One of the days I cried like a kid, no I sobbed. I didn’t want to go for the treatment but my sister cajoled me into going. I was having a meltdown. Once I got onto the bed at the Radiotherapy unit I broke down and said I didn’t want to go through with it any more! The radiotherapists thought they had offended me until I explained I was in pain and felt I couldn’t cope with it any more. Those two radiotherapists on that day were wee angels. They comforted me, calmed me down, spent time with me, even though I kept apologising and saying I was delaying others, and yep I went back for the remaining sessions.

 

Last session I thought I would be elated and happy but no…I was too sore and uncomfortable. I just wanted it over with and no more burning or pain inflicted upon me. The following weeks were even harder with the radiation side effects. I struggled and had another meltdown. I really felt I couldn’t cope anymore. I could not see any good in any of the treatment. I was not the usual Tina….

 

Somewhere during radiation, I lost myself, my strength and my courage was wiped out. I sobbed. I asked for the pain to be taken away. The situation was way out of my control and I couldn’t do anything about it. Those around me were helpless.

 

It’s part of the treatment and to be expected…how cold that sounds when you are merely existing almost in a zombie state with all the strong pain meds. I couldn’t see past the day. This one day at a time scenario was just a waste of words.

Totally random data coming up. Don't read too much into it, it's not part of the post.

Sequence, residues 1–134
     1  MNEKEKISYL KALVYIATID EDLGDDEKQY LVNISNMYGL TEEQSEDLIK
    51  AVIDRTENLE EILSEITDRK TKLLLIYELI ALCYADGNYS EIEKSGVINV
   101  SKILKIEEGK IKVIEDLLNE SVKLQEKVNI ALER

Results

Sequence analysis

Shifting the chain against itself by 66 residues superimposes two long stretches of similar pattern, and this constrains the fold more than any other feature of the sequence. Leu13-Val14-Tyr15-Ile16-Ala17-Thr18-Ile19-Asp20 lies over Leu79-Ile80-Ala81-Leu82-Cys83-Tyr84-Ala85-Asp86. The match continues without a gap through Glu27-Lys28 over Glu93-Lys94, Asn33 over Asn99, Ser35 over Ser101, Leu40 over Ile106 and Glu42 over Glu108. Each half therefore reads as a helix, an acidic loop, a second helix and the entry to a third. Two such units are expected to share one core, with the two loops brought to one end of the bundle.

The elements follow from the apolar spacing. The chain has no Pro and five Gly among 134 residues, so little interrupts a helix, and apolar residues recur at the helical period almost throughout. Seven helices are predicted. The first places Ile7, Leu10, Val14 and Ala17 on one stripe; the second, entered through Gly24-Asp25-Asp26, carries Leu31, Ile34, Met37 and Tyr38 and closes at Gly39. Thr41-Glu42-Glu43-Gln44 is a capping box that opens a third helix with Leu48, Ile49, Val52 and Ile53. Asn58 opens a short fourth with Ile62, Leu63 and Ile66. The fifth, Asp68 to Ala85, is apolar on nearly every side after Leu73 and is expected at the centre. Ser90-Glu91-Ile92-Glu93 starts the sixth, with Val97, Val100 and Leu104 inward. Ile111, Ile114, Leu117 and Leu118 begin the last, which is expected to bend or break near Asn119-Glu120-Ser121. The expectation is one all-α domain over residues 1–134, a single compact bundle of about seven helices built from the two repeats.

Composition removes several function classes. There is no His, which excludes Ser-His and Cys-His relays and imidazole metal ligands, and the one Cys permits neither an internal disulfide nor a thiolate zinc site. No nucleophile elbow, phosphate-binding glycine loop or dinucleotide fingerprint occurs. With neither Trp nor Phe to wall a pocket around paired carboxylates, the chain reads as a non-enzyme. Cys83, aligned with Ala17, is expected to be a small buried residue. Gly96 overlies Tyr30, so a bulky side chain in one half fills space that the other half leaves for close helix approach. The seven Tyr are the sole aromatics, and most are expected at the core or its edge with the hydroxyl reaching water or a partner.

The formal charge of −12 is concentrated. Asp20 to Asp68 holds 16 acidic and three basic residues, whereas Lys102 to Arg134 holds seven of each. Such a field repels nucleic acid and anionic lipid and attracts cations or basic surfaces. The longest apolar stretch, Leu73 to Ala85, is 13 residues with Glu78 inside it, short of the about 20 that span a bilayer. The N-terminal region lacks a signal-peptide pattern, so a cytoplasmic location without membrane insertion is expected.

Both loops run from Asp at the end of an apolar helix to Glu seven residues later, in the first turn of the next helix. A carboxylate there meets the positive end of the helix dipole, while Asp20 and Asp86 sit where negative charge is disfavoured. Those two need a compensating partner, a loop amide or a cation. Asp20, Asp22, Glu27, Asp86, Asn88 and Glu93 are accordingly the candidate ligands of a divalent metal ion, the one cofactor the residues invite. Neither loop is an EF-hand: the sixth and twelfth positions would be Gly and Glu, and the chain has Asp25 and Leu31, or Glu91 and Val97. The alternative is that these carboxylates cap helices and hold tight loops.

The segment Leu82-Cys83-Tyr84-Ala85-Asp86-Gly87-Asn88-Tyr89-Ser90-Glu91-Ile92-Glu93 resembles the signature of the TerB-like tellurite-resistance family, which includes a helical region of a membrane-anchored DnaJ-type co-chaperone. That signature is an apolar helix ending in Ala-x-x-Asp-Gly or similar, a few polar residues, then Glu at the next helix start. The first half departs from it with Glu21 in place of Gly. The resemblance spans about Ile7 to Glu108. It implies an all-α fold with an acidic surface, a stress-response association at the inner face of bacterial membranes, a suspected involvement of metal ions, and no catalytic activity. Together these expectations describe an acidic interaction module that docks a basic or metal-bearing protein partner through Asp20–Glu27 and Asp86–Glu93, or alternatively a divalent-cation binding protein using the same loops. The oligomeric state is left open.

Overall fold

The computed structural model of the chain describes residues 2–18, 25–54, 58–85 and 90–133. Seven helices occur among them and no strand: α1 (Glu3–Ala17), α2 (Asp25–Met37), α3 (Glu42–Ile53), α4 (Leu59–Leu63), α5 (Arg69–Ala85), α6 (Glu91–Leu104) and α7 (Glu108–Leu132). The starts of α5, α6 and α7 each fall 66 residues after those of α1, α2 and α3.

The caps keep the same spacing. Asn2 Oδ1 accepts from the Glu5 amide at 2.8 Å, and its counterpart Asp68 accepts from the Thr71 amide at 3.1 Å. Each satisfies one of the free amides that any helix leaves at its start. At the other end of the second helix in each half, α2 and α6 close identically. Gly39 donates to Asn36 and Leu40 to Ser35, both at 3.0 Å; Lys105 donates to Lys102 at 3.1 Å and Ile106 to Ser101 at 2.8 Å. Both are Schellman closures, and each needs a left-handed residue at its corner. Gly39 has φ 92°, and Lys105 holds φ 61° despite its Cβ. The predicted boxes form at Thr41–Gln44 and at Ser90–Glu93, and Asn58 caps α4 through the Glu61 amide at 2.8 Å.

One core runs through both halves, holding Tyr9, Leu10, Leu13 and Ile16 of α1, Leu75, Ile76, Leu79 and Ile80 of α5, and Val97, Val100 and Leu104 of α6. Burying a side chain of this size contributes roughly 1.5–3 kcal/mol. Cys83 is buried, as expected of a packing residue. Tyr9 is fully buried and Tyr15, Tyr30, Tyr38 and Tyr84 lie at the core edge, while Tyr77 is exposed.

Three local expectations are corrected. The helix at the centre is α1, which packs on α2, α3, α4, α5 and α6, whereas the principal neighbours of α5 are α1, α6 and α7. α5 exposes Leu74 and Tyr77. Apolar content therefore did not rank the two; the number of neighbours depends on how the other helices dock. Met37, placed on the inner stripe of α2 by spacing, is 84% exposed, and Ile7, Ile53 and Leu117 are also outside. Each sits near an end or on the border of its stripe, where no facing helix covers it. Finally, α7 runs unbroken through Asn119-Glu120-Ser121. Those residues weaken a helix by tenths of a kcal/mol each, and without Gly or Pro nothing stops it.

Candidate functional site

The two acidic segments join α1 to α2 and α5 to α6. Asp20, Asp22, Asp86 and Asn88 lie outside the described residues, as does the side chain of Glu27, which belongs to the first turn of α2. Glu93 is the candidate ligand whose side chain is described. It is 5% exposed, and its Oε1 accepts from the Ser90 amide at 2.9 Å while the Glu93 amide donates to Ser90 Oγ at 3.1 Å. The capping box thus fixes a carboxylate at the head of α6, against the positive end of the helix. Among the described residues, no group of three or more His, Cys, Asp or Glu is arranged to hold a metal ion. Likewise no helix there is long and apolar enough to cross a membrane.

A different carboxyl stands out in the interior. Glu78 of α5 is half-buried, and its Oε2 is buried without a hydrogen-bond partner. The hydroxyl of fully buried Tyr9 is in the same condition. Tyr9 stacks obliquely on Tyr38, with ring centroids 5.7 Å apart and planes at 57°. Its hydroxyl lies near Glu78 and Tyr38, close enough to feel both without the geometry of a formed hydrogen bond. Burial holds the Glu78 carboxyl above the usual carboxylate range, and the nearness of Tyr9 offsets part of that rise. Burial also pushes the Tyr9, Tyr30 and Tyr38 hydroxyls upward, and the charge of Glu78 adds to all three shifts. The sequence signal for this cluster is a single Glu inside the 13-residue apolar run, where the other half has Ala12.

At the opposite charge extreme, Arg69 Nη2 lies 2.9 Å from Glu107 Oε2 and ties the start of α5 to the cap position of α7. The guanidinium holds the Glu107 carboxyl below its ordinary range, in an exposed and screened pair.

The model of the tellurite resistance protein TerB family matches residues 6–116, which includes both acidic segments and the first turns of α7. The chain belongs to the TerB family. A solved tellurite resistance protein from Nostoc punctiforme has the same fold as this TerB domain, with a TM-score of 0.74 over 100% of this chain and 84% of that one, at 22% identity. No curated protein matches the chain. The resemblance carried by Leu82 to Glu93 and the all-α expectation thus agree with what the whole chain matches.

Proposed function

It’s hard. It’s difficult and I struggled to cope with it. Even though I had been informed and read about the possible side effects and yes I know we all react differently. Some days I lost my so called positive pants or left them behind in the changing room at the radiotherapy unit. A few weeks after my last session I had something back – a pain free but fatigued Tina.

 

I’ve met so many wonderful people on this journey and could not have got through without my support network. I would like to add that the staff I came across were always happy and had a smile on their face no matter how bad their day had been.They were always helpful and very supportive and this definitely made it easier for me. You end up having a bond with them as you see them every day for weeks on end.

 

I would like to inspire and assist others as I proceed through my life. Today, I as a survivor, am here with gratitude for the support I received from BCI. I walk to honour those that have lost their battle with breast cancer. I hope more lives will be saved with increased screenings and mammograms. For Early detection is key to greater survival rates.